What are the sources of gluten?
- Sauces (wheat flour to make it thicken)
- Brewer’s yeast
- Everything that contains wheat
- All package products containing gluten above 20 ppm
Cross-contact occurs when gluten-free foods or items come in contact with gluten. Generally, sharing utensils or a cooking/storage area can cause cross-contact. For food to be safe for someone with celiac disease, it should not come in contact with gluten-containing foods.
Where cross-contact can occur:
- Toasters used for normal bread
- Strainers, cutting boards, or flour sieves
- Improperly washed containers shared containers
- Wheat flour can stay in the air in an oven (or home) for hours and contaminate preparation surfaces and utensils or open gluten-free products
Oats and wheat can form cross-contact in the fields where they are grown side by side. It is necessary to only select oats specifically labeled as gluten-free.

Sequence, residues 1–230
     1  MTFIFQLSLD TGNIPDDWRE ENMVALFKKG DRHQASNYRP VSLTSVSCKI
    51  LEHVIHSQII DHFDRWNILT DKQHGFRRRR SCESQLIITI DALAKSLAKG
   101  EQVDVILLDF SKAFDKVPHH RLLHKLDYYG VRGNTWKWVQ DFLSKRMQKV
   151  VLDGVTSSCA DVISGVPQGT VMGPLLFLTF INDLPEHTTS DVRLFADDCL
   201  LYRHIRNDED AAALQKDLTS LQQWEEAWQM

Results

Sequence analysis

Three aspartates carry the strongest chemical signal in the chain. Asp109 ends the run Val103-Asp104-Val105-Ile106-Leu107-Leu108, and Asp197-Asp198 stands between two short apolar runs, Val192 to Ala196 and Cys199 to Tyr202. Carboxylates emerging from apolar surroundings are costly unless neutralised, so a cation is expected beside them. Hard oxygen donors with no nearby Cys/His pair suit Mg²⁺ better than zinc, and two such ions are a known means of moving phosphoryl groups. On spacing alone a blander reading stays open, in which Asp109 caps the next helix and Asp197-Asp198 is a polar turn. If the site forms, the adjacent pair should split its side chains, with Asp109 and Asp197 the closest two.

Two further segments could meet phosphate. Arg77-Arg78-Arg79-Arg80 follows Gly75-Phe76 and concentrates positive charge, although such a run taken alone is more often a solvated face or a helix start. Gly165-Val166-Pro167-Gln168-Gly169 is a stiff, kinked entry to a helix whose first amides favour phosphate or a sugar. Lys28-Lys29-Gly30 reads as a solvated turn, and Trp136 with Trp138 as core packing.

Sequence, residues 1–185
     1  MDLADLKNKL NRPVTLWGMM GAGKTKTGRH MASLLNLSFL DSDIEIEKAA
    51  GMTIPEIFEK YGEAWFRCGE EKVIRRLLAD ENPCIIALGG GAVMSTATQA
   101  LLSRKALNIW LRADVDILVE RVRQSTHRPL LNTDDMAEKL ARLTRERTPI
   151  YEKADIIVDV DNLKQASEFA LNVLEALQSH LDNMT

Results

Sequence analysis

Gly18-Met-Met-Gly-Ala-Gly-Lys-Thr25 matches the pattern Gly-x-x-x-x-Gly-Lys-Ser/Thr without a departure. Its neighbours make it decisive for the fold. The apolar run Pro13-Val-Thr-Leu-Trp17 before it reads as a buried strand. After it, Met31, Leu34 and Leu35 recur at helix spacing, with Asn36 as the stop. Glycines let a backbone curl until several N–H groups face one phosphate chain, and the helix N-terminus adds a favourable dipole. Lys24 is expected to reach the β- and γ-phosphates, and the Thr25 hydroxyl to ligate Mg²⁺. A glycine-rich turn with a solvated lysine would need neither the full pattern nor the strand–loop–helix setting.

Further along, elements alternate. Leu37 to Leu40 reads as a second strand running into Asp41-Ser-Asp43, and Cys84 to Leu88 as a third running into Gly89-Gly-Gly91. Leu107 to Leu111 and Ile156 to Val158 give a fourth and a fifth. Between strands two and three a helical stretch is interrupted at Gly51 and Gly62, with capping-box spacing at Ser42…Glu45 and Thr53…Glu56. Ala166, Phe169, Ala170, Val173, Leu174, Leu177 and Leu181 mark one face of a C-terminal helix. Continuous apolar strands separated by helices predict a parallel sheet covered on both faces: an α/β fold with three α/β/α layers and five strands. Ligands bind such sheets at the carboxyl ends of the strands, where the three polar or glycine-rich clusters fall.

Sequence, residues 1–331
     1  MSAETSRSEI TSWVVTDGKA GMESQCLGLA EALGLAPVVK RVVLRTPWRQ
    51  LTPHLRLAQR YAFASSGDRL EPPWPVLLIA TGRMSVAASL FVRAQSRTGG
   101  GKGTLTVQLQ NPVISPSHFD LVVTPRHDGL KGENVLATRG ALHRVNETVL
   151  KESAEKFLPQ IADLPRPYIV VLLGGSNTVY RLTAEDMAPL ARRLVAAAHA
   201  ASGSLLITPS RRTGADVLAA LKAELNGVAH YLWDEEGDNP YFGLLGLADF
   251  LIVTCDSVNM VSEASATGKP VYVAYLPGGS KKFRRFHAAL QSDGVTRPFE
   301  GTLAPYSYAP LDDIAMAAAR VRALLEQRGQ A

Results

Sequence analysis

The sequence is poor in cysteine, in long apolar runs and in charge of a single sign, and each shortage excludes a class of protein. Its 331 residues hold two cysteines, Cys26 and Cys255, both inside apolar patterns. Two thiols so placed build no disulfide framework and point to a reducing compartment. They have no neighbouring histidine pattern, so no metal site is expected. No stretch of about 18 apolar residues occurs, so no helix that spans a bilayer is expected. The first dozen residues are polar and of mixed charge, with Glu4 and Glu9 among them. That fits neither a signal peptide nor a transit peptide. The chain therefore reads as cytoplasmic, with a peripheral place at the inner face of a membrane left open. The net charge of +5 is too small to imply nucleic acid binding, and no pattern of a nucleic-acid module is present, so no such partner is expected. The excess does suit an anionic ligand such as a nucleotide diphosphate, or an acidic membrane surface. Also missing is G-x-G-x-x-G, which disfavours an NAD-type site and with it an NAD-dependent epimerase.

There are also studies on the effects of psychological health and budgets of people who are not celiac patients or don’t have gluten sensitivity and those who are following a gluten-free diet.
Studies in the US show that the cost of a balanced gluten-free diet is about 240% than a balanced normal diet. Prices vary significantly in different parts of the US.
Celiac Disease Awareness Activities
Celiac conferences were canceled due to the COVID-19 pandemic. Nevertheless, it is possible to see how much the Celiac Disease Foundation’s awareness-raising activities are. Nevertheless, one can see how many activities the Celiac Disease Foundation has when it comes to raising awareness. Team Celiac Disease Foundation has a volunteer team called Gluten-Free. They are also the community’s fundraising team. In Celiac Camps, volunteer physicians teach celiac children that they are not alone and about their diet. Summits are organized by scientific authorities for the FDA to properly label gluten-free foods.
The Celiac Disease Foundation has published a list of all gluten-free products and recipes on its site. It is possible to find all kinds of information that will make life easier with celiac disease, including gluten-free companies and gluten-free meal samples.